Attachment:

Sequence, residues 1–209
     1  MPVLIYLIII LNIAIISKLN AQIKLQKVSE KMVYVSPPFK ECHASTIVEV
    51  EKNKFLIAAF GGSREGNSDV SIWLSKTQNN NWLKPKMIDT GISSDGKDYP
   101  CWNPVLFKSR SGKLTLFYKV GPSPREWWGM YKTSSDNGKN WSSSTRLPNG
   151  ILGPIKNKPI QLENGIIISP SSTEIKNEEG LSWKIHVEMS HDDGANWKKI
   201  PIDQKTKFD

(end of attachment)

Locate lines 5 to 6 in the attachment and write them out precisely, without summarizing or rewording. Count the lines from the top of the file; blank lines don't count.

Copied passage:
   151  ILGPIKNKPI QLENGIIISP SSTEIKNEEG LSWKIHVEMS HDDGANWKKI
   201  PIDQKTKFD